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At our next break, Sima refuses water and food. I pull up a fold of his skin and let go, observing how quickly it bounces back. He's clearly dehydrated. I realize I should have started him on anti-diarrhea meds sooner. Another rookie error.
We rest for a full hour rather than the normal 20 minutes so I can see if he will drink. He doesn't.
I rearrange the gear—a royal pain—and make a spot in the sled bag for Sima to lay down. The seven dogs remaining will now be hauling his 45 pounds along with me, the gear and the sled.
But they're game. We arrive at Seeley Lake at 4 p.m., 20 hours after we first set out. The run took longer than I'd hoped, but given all of my mistakes, that's okay. I won't hang for at least another day. The dogs and I settle in for a nice nine-hour rest before starting the final 72 miles to Lincoln.
Huckleberry Pass looms at the end of the race like a final exam before summer. The trail ascends 1,600 feet in about six miles—not too steep by hiking standards, but after about 330 miles it's Everest for a dog team. I want to reach the summit by noon so we can avoid the predicted warm midday temperatures while climbing. Forty degrees might be comfortable for a musher, but it's hell for sled dogs.
Sima's dehydration and diarrhea force me to drop him from the team at Seeley Lake. He's drinking and eating again after his rest in the sled, but racing's out of the question.
The remaining dogs and I start the last leg in total darkness, just after 1 a.m. They hesitate a bit at the start. Some of them aren't pulling, but they eventually warm up, work out the kinks and find their rhythm.
When they spot a snowshoe hare, the team breaks into a full run to chase it. I haven't seen more than an easy lope out of them since the stretch from Lincoln to White Tail Ranch two days ago. It's good to know they have something in the gas tank.
As we pass White Tail Ranch, at the base of the long climb up to Huckleberry, I glimpse another team ahead. With the possibility of overtaking them—or helping them if they're having problems—I push the dogs hard. We move at a good clip, but I never see the other contestant again. I find out later it was a random musher who wasn't in the race.
The hard push, however, helps us summit before noon. "Hey, guys, it's all downhill from here," I tell the dogs, happily. But I'm wrong. Several small climbs follow and the afternoon sun hammers us. The warmth makes the sled runners stick in the snow, and the going is painfully slow.
I'd expected the last 15 miles to Lincoln to be a smooth, easy downhill. In fact, my mind had been fixed on it. Sensing my frustration, the dogs get distracted. They try to check out every sound in the woods, hoping it's something they can hunt; they stop and examine spots to mark. The lousy snow continues to grab the sled runners, which at times brings them to a halt. Each time, I pull their butts up by the tug lines and yank while shouting, "Hike!"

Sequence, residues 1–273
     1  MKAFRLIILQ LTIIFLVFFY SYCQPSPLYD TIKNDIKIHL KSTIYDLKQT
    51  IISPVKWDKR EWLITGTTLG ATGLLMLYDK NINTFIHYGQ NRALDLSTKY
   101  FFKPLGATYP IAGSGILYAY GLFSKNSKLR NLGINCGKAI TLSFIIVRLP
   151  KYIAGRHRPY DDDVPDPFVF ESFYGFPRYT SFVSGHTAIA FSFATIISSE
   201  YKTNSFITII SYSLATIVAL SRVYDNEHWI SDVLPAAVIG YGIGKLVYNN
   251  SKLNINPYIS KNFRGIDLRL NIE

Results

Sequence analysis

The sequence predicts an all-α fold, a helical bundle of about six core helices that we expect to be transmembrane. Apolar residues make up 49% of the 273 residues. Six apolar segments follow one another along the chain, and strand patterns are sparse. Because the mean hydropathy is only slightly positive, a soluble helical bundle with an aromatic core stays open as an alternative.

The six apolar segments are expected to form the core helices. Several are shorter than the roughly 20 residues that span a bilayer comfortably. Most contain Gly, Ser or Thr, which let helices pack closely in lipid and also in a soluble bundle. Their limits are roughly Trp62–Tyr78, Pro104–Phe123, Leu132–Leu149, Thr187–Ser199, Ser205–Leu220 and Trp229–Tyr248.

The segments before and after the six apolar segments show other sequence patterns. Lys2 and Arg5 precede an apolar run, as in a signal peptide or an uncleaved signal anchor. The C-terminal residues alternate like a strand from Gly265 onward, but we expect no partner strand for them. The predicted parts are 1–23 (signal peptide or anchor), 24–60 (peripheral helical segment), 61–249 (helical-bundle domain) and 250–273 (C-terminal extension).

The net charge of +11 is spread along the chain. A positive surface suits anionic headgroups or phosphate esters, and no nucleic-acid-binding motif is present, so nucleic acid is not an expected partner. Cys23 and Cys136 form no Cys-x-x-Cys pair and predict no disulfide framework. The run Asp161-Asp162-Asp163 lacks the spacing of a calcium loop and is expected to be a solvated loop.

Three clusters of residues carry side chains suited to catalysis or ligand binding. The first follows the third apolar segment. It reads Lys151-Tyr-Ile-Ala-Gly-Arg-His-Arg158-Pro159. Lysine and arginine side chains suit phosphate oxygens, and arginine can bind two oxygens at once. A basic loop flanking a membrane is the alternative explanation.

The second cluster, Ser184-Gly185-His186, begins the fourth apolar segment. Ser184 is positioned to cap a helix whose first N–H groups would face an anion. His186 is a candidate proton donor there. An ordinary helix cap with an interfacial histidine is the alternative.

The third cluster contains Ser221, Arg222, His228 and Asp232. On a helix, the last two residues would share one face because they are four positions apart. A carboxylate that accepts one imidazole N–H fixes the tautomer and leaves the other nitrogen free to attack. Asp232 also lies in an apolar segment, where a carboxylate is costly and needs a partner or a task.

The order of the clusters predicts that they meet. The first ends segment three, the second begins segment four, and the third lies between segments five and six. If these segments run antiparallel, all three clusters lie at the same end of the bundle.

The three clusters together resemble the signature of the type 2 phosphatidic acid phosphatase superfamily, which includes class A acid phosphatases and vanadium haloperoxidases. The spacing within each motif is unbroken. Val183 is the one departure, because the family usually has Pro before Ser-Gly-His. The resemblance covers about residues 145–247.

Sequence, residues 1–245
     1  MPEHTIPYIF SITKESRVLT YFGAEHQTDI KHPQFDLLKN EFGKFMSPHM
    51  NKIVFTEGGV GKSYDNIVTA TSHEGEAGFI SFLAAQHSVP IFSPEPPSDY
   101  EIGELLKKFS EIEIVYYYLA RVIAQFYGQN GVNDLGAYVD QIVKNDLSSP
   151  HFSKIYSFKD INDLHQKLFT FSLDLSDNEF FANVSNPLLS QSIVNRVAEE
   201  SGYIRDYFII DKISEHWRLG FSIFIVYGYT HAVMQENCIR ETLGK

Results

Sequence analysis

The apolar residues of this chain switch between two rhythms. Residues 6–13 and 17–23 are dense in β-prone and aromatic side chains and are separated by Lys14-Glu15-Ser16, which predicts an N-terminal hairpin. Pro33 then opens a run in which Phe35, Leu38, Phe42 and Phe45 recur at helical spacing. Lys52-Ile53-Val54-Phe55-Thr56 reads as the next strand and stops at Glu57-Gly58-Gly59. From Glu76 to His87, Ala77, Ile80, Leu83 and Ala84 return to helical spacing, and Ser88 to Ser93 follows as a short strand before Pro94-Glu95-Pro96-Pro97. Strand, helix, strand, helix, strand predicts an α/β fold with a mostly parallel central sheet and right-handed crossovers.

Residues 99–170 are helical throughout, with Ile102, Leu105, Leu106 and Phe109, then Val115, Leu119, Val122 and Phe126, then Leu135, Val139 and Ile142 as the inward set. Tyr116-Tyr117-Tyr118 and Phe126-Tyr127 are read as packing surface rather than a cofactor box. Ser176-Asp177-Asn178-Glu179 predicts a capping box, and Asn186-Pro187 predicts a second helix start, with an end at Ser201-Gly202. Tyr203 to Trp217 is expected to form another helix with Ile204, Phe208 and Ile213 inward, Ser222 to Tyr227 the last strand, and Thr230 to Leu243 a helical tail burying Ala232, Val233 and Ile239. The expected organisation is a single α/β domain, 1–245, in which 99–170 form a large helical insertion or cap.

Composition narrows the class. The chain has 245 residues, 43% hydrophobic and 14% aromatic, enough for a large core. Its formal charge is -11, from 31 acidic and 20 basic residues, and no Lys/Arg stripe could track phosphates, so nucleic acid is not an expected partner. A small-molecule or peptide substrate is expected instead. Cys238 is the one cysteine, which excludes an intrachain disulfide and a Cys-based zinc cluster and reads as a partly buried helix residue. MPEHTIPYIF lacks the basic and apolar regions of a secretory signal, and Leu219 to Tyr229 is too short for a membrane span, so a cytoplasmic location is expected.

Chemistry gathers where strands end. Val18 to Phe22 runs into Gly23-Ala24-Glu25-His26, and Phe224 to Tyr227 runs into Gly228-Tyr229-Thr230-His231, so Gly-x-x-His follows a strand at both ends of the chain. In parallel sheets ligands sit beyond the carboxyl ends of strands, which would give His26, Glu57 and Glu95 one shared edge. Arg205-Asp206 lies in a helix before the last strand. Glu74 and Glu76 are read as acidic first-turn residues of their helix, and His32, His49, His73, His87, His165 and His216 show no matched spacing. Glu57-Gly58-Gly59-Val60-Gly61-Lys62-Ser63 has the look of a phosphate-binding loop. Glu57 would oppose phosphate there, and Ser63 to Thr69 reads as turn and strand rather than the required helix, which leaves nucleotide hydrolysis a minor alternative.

The dogs are working too hard for me to actually get angry, of course. I insist that we keep moving but apologize for telling them we were done climbing. They might not even vaguely understand what I'm saying, but telling them out loud makes me feel better, and seems to make them feel better, too. When I yell out the hike command, I see a bunch of tentative tail wags.
We muddle forward in fits and starts. Finally, after what feels like 600 miles, we reach the marker that tells us to turn off the snowmobile trail onto a track that's packed down for the race. The last five miles of trail into Lincoln is just wide enough for a dogsled or two as it winds through the trees. We slip in and out of shadows, trotting easily toward the finish line. Everything is good. Spent but relieved, I even say to nobody in particular, "I'm enjoying this!"
I feel like I've scaled a mountain. Just like on a hard climb, the tension only lets up when a safe return is assured. And we've made it. The dogs and I managed to wipe off the inevitable bird shit and keep going, sometimes in spite of ourselves. Only a few miles of forest trail remain, like those last easy steps into camp. Mushers call this "sacred ground."
Jake has the lead. Otter and Shoshone are next. Then Jag and Gonja. Finally, Tanner and Tok follow at the wheel position. Jake still can't keep himself from looking off to the side of the trail for something to hunt. But entering the homestretch, he steps up and the others pull behind him.
I am totally in awe of these guys, my team.
We're all exhausted when we reach the finish. A couple of the younger dogs seem interested in continuing, but I surely am not. I get congratulations from the few staffers left to check my team and the one other that finishes behind me. My handler, Aaron, starts taking dogs off the gang line and attaching them to tie points on the truck. I help give each of them a bowl of cold, clear water. We load the gear and sled, and finally put the team back in the kennels. Happy in their boxes, the dogs drop off to sleep. And as Aaron drives home, so do I.